Global Daily – French political risk is back!

by: Aline Schuiling , Kim Liu

Euro politics: Tensions surrounding French elections rise – Uncertainties about the outcome of France’s presidential elections (first round on 23 April and second round on 7 May) increased during the weekend. The left-wing populist Jean-Luc Mélenchon has risen in the polls to a joint third with centre-right François Fillon. Thus Mr Mélenchon can no longer be neglected as a potential candidate for the second round of voting. Although the polls for the first round still show that centre-left Emmanuel Macron and Eurosceptic populist Marine Le Pen are neck-and-neck to take first and second place on 23 April, the gap between them and Mr Mélenchon is about 5% of the votes, which seems small considering that approximately 30% of voters are still undecided. Mr Mélenchon’s agenda blends populism, institutional scepticism and radical left-wing economics. He advocates a drastic redistribution of wealth, increasing the minimum wage, hiking taxes for high incomes, exiting NATO, re-negotiating European treaties, cutting the working week to 32 hours, abandoning nuclear energy and rewriting the constitution. Moreover, he proposes a public spending stimulus of EUR 100bn (4.5% GDP) to tackle poverty, improve public services and protect the environment. Polls for the second round of voting, which include Mr Mélenchon as a contestant are still scarce and should be taken with a pinch of salt. Still, they show that if he were running against Marine Le Pen he would beat her by a wide margin, whereas against Emmanuel Macron he would lose, but by a smaller margin. Although the uncertainties have definitely risen, our base case scenario remains that Mr Macron will be the next French president. (Aline Schuiling and Jean-Paul Honegger)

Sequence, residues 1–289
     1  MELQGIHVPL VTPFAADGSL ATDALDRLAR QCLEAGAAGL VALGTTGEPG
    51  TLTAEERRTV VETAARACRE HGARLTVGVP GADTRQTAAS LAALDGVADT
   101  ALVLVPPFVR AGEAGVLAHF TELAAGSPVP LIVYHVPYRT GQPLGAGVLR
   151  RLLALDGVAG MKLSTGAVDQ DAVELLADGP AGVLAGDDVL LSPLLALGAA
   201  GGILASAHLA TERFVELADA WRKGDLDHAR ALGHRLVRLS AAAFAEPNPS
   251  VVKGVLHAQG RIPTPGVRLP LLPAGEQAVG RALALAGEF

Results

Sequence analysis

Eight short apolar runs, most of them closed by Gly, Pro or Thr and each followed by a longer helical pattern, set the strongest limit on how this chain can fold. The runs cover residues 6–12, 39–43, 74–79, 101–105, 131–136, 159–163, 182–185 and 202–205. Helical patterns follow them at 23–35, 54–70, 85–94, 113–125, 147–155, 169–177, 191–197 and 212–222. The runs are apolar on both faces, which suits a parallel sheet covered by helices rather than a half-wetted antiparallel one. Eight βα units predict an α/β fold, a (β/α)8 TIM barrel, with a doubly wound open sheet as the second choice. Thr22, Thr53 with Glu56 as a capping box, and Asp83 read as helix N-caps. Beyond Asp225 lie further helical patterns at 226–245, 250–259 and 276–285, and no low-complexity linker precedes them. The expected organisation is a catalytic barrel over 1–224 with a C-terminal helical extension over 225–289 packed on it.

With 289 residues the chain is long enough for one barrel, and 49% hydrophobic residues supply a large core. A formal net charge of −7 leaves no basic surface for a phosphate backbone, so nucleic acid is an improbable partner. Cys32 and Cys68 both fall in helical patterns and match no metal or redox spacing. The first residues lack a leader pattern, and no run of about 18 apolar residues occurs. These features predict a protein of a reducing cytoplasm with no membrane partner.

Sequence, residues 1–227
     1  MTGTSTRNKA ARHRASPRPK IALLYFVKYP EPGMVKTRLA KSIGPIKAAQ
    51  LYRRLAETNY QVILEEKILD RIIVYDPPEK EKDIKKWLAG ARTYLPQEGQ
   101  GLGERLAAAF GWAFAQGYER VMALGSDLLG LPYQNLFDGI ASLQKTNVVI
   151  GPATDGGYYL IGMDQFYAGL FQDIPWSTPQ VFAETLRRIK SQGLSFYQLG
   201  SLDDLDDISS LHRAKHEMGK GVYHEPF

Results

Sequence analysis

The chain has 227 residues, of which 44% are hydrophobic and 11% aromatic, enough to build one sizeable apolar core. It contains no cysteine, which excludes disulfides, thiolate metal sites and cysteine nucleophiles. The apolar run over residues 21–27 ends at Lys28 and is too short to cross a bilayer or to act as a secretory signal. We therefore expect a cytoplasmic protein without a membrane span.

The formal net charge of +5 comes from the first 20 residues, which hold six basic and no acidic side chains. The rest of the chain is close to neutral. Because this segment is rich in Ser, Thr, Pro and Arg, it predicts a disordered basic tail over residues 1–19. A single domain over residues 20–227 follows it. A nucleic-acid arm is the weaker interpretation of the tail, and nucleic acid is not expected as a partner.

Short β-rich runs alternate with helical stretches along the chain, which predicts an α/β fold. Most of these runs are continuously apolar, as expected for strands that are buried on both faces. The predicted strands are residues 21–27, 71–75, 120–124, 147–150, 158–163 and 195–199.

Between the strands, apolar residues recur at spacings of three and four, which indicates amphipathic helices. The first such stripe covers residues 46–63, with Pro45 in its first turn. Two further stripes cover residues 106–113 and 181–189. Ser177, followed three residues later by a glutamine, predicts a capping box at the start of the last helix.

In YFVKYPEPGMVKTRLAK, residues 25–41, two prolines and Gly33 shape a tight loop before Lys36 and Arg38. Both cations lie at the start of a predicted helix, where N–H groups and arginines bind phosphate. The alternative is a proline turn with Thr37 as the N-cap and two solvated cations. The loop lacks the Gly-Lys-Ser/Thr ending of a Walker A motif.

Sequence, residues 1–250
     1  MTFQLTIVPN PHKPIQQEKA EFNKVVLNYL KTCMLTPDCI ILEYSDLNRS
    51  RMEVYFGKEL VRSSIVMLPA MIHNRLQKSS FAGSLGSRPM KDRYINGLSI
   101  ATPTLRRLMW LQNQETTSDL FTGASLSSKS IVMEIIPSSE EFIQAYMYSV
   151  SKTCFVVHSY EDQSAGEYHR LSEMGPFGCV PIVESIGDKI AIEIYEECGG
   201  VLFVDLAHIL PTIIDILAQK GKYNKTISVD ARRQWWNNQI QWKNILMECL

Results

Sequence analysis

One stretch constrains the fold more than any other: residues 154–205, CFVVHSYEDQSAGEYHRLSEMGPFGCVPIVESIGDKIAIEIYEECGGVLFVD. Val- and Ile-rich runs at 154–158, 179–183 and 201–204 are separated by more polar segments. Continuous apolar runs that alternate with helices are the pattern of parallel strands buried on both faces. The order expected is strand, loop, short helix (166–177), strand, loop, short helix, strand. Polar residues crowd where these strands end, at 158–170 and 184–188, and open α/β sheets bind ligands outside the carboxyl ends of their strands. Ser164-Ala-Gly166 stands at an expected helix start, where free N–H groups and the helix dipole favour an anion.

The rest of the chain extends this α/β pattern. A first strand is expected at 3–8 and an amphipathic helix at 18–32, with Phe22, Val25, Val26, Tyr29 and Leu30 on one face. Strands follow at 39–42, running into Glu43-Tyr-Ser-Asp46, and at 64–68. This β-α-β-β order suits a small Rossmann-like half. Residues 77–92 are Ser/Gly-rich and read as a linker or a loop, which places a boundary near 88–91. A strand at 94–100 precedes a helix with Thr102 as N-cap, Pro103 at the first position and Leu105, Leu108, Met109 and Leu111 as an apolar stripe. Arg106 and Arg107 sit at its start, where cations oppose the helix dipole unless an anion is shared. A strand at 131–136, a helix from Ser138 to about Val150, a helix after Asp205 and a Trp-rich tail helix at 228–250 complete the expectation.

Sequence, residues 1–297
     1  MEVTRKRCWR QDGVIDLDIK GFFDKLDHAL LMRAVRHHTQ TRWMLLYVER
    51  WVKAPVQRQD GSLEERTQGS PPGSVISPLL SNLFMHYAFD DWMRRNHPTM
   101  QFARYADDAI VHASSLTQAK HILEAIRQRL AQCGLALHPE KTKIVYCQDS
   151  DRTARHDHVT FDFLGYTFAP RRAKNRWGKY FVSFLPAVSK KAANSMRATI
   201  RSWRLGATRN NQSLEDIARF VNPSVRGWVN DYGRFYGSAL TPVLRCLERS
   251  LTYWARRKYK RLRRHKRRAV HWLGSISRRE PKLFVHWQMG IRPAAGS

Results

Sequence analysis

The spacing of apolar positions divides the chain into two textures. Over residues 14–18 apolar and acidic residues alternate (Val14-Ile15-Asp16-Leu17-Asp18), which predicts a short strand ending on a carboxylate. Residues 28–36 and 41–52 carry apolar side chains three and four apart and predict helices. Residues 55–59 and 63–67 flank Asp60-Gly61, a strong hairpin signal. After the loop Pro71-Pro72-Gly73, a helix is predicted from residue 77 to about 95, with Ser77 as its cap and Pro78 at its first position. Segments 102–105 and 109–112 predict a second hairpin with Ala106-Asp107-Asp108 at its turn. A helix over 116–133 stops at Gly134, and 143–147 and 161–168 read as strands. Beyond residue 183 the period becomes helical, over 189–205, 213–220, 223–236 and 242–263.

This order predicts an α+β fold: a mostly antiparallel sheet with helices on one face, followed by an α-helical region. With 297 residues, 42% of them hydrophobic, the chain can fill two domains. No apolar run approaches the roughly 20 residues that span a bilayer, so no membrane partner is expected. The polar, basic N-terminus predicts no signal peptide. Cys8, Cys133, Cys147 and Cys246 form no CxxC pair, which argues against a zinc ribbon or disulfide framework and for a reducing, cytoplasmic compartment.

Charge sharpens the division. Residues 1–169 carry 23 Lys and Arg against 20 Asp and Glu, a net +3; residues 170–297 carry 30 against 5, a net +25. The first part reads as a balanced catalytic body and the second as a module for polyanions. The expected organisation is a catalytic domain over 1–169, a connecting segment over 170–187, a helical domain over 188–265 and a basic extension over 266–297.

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Euro government bonds: French bonds under pressure in run up to elections – With less than two weeks to go before the first round of the French presidential elections, French bonds have fallen under renewed pressure. The generic French-German 10-year spread has widened to over 70bps, up from below 60bps at end-March. The revival of French political risk is caused by the rising popularity of left-wing populist Jean-Luc Mélenchon (please see above for more details). His surge in popularity is bad news for French bonds as the policy plans of Mr Mélenchon are perceived to be much less investor friendly than those of, for example, Mr Fillon or Mr Macron. Although our base case still includes an eventual Macron victory in the second round, investors are pricing in the additional risk of a surprise win for Mr Mélenchon. What is more, from data disseminated by the Japanese Ministry of Finance, it became clear that Japanese investors sold a record amount (JPY 1.52trn) of French bonds in February. This was the fourth month in a row during which Japanese investors sold French sovereign debt. If Japanese investors are taken as a proxy for total demand by foreign investors, the data suggests that French bonds are persistently losing investor support. This could continue as we draw closer to the elections and means that volatility could increase. In our base case scenario of a Macron victory, we expect the French-German 10-year spread to fall back again and stabilise at around 50bps. However, in the event of a Mélenchon or Le Pen victory, the spread is expected to be much higher. Especially in the case of a Le Pen victory, in which the future of the eurozone could be under threat, the spread could balloon back to crisis levels of around 200bps. In the event of a victory by Mélenchon, we would be also expecting a jump in the spread to well above the current levels. (Kim Liu)